The University of Oklahoma has shut down a fraternity after video showed members on a bus singing a racist song. The song’s lyrics include a racial slur and a vow no black people will ever join the fraternity ”SAE.”
SAE fraternity members: “There will never be a n*gg*r in SAE.
There will never be a n*gg*r in SAE.
You can hang him from a tree, but he’ll never sign with me.
There will never be a n*gg*r in SAE.”
Hundreds of people have rallied to denounce racism on campus. University of Oklahoma President David Boren said any students identified in the video could be suspended or expelled.
David Boren: “This is not our way. These are not our values. This is not who we are. And we won’t tolerate it, not for one minute, from anybody. So, those students will be out of that house by midnight tomorrow night. The house will be closed. And as far as I’m concerned, it won’t be back, at least not while I’m president of the university.”
The Supreme Court has rejected an appeal from a Syrian man who sued the U.S. government over his seven-year wrongful imprisonment at Guantánamo. Abdul Rahim Abdul Razak al Janko was detained by the United States in 2002 after being tortured by al-Qaeda and imprisoned by the Taliban on suspicion of being a Western spy. In the lawsuit, al Janko described his time at Guantanamo as a “Kafkaesque nightmare,” saying he was tortured, beaten, subjected to sleep deprivation and urinated on by U.S. soldiers. He said he attempted suicide 17 times. In 2009, a judge ordered his release, saying the claim he was part of al-Qaeda “defies common sense.” But on Monday, the Supreme Court left in place a lower court ruling Janko cannot sue because he is an enemy combatant. Meanwhile, in a second decision, the court declined to take a case concerning videos and photographs which, according to the Center for Constitutional Rights, would prove the torture of another Guantánamo prisoner, Mohammed al-Qahtani. The move leaves in place a lower court ruling the images could threaten national security by stoking anti-U.S. sentiment.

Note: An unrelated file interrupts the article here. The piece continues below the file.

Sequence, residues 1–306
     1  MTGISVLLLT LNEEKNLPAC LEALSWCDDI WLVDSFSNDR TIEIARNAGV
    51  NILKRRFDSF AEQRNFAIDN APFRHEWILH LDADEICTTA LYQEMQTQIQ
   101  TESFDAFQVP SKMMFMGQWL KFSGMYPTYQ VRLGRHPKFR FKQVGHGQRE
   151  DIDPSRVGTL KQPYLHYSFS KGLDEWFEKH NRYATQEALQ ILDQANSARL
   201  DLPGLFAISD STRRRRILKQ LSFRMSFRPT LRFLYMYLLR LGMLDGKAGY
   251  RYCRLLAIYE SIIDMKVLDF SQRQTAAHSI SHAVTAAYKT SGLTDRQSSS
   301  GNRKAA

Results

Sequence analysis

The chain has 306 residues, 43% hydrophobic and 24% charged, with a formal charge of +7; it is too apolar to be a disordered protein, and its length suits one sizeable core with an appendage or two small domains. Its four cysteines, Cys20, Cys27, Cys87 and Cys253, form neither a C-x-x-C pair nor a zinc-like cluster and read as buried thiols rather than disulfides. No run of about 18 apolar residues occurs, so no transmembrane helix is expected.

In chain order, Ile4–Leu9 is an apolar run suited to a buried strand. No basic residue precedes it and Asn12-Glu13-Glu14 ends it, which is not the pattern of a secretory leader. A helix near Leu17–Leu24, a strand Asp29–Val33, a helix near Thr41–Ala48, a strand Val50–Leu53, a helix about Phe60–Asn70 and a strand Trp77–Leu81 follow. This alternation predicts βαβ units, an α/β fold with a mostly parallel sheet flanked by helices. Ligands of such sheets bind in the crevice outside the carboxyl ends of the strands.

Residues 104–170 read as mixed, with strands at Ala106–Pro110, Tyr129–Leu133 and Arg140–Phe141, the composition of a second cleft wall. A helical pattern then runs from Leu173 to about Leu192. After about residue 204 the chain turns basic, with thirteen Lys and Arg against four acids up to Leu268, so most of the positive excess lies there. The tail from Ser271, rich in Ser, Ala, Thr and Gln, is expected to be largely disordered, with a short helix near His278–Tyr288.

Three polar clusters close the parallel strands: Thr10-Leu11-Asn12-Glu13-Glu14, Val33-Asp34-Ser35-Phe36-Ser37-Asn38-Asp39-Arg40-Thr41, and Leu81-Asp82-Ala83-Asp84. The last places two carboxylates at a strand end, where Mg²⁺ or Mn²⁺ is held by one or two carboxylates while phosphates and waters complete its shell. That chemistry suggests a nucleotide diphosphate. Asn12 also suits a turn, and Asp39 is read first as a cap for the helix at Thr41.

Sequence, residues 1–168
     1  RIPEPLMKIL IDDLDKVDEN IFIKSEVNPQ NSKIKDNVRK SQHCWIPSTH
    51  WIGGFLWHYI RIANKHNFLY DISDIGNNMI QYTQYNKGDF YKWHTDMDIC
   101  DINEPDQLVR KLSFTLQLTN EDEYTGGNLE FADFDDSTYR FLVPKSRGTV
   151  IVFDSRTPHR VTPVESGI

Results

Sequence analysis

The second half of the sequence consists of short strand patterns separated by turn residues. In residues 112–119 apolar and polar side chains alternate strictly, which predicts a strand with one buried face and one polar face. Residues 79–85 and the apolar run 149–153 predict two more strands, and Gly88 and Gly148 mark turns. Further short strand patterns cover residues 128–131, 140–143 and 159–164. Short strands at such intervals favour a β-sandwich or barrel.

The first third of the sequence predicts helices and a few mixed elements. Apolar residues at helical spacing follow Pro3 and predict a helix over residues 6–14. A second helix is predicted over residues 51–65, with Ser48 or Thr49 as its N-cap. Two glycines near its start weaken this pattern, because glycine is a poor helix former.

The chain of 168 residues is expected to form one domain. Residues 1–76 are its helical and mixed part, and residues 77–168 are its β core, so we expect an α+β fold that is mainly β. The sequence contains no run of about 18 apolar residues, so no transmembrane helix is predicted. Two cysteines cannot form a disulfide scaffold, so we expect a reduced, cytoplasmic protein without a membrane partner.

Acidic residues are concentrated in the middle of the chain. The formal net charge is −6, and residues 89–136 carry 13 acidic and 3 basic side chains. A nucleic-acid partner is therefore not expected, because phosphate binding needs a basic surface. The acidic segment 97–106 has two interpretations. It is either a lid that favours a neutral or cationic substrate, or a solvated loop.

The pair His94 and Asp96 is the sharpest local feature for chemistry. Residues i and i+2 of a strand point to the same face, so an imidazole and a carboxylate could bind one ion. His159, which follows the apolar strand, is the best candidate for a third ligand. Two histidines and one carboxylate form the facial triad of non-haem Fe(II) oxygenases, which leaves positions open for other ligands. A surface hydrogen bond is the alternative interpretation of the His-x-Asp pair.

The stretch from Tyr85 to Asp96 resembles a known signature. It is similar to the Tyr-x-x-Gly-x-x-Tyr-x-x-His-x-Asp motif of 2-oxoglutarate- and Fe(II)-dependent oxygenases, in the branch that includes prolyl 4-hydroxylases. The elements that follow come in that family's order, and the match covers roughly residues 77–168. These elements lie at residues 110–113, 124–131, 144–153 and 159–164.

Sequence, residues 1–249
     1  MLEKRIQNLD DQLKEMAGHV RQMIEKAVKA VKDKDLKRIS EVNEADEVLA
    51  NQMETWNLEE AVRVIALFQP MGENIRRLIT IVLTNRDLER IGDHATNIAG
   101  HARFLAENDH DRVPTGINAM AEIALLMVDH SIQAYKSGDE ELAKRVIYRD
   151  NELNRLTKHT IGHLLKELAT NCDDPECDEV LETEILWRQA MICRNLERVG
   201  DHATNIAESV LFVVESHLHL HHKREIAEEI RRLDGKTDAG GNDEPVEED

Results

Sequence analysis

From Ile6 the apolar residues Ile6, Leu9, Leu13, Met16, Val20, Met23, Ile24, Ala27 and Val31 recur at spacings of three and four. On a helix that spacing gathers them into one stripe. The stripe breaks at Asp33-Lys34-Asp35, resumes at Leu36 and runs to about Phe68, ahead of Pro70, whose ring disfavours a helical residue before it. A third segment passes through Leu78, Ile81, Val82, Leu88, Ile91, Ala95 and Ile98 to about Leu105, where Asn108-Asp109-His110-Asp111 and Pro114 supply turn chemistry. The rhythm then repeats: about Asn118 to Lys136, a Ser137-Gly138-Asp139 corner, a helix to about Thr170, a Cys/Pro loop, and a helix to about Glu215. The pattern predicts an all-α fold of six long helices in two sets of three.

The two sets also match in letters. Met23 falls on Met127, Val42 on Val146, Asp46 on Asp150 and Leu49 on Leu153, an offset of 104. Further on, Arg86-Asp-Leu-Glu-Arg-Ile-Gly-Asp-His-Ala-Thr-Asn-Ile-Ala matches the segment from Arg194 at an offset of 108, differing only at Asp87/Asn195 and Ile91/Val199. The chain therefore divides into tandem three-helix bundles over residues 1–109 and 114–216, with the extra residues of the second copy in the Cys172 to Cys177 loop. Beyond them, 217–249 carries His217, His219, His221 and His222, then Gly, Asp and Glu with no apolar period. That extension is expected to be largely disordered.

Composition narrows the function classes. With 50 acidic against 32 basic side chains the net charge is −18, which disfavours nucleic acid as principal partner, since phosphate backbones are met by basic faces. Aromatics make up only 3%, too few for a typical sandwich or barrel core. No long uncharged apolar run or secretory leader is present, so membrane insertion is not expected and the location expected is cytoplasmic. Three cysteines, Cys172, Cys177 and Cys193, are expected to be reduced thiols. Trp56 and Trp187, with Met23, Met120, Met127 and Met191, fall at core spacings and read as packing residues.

A new report finds U.S. weapons manufacturers continue to dominate the global arms trade, with Saudi Arabia replacing India as their top market. According to IHS, the United States accounted for a third of the more than $64 billion trade in military equipment last year. This year Saudi Arabia will account for an estimated one of every seven dollars spent on military imports.
As Apple unveiled its new Apple Watch to great fanfare, a report by The Intercept finds CIA researchers have been working for nearly a decade to crack the security of Apple’s iPhones and iPads. Documents from Edward Snowden show the researchers claim to have created a modified version of Apple’s software development tool Xcode, allowing them to sneak surveillance backdoors into apps and programs.
Presumed Democratic presidential candidate Hillary Clinton will reportedly hold a news conference this week to address her exclusive use of a private email address as secretary of state. Clinton relied exclusively on a personal email account linked to a private server at her home, a possible violation of State Department rules and federal law. Meanwhile, White House Press Secretary Josh Earnest confirmed President Obama had corresponded with Clinton on her private account.
Josh Earnest: “Yes, the president was aware of her email address. He traded emails with her. That shouldn’t be a surprise that the president of the United States is going to trade emails with the secretary of state. But the president was not aware of the fact that this was a personal email server and that this was the email address that she was using exclusively for all her business.”
A United Nations report has found rampant torture by security forces in Mexico, from local and federal police, to the military. U.N. special rapporteur on torture Juan Méndez highlighted the impact of the U.S.-backed war on drugs, noting the bulk of torture cases involve prisoners with alleged ties to organized crime. Despite some 2,100 complaints of torture in 2012 alone, Mexico has seen only five torture convictions between 2005 and 2013.
Officials in Florida have reportedly banned the terms “climate change” and “global warming,” despite the disproportionate impacts of climate change in the coastal state. According to the Florida Center for Investigative Reporting, under the tenure of Republican Gov. Rick Scott, officials at the Department of Environmental Protection have been ordered not to refer to climate change or global warming in official reports or communications. ThinkProgress notes at least two other states, North Carolina and Pennsylvania, have been accused of similar bans.